During the early stages up to two weeks feeding up to 50ml every two hours is sufficient, they may not drink it all but start off in increments of 10ml. If they ask for more then up their next feed – this will coincide with the size of the piglet, a larger piglet will drink more than a smaller one. You will find at night time they will not feed as much. I found that with the last feed being at 23:00 hrs, their next feed would be at 03:00 hrs. However, in their first week I am afraid that every two hours must be adhered too. At three weeks start to introduce concentrates, a good piglet starter pellet. Allen & Page Smallholder Range is normally best as it has a high milk content in the pellets. Again, your local farm supply shop will be able to provide this for you.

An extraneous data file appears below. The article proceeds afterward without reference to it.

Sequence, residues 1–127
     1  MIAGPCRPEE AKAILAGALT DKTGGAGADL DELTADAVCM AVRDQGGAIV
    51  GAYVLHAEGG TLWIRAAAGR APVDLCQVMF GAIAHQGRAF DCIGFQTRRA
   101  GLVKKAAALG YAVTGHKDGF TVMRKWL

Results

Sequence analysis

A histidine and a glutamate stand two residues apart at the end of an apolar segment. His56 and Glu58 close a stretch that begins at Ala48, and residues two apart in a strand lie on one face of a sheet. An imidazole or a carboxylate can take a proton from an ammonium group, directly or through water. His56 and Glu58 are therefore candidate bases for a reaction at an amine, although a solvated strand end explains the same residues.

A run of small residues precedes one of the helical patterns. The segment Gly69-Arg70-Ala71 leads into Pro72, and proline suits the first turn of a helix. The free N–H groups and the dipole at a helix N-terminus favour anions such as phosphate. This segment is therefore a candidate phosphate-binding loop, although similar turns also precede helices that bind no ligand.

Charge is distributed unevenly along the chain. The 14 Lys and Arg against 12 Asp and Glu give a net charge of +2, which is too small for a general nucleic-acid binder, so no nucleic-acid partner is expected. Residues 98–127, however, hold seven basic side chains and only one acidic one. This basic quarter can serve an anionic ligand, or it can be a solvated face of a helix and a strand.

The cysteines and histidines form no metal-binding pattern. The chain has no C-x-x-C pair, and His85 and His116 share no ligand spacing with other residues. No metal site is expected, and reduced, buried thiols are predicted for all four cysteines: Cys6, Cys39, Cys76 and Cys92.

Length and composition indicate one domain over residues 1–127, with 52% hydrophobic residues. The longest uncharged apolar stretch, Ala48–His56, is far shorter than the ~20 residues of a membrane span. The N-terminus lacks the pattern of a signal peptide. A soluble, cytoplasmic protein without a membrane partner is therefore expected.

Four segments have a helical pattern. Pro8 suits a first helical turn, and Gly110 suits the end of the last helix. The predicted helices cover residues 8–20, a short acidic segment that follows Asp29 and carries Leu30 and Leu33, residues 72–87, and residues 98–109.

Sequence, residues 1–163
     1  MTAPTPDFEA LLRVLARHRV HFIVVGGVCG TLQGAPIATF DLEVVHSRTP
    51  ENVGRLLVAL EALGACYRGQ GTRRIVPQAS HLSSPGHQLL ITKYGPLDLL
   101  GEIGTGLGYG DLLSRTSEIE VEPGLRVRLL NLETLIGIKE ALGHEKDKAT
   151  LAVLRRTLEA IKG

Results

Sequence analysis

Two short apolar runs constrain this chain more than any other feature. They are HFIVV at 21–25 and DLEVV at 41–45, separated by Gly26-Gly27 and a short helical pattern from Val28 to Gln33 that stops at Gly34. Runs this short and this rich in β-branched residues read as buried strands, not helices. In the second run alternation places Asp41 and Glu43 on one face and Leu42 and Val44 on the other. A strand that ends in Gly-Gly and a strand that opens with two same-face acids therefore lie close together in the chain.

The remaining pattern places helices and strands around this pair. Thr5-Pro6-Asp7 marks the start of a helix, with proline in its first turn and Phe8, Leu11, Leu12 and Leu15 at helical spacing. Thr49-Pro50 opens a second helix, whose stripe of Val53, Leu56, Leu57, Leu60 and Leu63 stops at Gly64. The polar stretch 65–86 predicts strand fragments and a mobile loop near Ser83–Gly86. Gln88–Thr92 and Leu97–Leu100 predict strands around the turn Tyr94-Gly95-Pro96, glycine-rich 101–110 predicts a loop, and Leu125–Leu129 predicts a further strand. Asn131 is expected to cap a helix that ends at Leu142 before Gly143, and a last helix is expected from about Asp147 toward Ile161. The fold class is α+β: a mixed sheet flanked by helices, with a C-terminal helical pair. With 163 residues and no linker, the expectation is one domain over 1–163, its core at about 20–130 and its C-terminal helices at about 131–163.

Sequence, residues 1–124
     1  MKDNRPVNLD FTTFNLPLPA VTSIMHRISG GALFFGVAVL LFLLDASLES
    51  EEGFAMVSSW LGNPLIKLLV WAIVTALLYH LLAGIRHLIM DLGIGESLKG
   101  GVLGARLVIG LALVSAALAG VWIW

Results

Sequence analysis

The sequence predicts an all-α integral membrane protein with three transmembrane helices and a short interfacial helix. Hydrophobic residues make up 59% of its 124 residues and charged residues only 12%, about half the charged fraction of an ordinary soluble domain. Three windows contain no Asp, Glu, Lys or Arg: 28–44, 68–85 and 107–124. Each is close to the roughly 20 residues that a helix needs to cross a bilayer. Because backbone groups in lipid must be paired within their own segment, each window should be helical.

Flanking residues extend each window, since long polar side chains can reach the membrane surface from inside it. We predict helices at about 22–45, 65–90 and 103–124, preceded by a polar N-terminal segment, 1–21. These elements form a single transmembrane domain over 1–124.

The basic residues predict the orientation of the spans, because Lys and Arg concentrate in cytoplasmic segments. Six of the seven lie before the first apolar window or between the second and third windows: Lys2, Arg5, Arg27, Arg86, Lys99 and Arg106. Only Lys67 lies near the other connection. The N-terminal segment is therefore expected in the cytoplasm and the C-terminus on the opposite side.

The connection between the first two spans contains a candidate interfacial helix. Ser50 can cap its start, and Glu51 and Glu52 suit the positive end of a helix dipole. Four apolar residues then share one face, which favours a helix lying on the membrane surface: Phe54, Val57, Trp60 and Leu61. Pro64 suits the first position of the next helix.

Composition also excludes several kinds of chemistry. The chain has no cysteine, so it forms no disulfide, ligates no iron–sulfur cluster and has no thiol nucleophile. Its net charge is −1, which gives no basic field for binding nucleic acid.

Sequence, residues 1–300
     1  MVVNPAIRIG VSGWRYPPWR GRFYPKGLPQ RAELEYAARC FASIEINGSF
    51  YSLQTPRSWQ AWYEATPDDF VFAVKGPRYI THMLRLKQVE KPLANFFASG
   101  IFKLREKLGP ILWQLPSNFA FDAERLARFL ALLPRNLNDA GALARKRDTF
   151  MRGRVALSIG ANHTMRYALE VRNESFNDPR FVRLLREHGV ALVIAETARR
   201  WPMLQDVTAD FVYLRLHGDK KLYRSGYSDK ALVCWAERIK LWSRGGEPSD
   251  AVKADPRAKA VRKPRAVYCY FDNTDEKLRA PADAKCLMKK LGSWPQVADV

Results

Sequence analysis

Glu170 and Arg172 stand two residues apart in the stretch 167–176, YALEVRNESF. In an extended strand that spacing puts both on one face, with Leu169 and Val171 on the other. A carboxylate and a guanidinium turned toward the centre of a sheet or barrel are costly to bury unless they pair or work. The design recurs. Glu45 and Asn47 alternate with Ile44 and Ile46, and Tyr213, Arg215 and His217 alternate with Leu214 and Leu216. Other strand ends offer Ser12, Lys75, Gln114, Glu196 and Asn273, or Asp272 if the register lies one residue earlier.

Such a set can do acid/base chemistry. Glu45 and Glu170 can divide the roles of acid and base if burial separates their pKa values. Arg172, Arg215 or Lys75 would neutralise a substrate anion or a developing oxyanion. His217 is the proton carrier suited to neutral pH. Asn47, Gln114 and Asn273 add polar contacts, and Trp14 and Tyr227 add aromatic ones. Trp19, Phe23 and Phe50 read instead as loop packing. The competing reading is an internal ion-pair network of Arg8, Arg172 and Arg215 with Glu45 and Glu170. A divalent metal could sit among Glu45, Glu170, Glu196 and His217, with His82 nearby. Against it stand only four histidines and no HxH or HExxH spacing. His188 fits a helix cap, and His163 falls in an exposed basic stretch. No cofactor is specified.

Don’t despair if they do not take to it straightaway. Keep a bowl of fresh water nearby and a few pellets in a bowl and watch them learn. The same can be done for the milk but when you are hand rearing piglets this all becomes very messy so I am afraid I fed them with a Royal Canin puppy bottle, which had a perfect teat size and both were much happier this way. Also this way I was able to monitor exactly how much each was consuming.
As you may imagine by week four everybody (apart from me) including the dogs were getting a little fed up of these pesky little sweeties. I found it all very satisfying and rewarding, but even a friend told me that I was going above and beyond the call of duty even though they were trained to use puppy training pads when they wanted to go to the loo.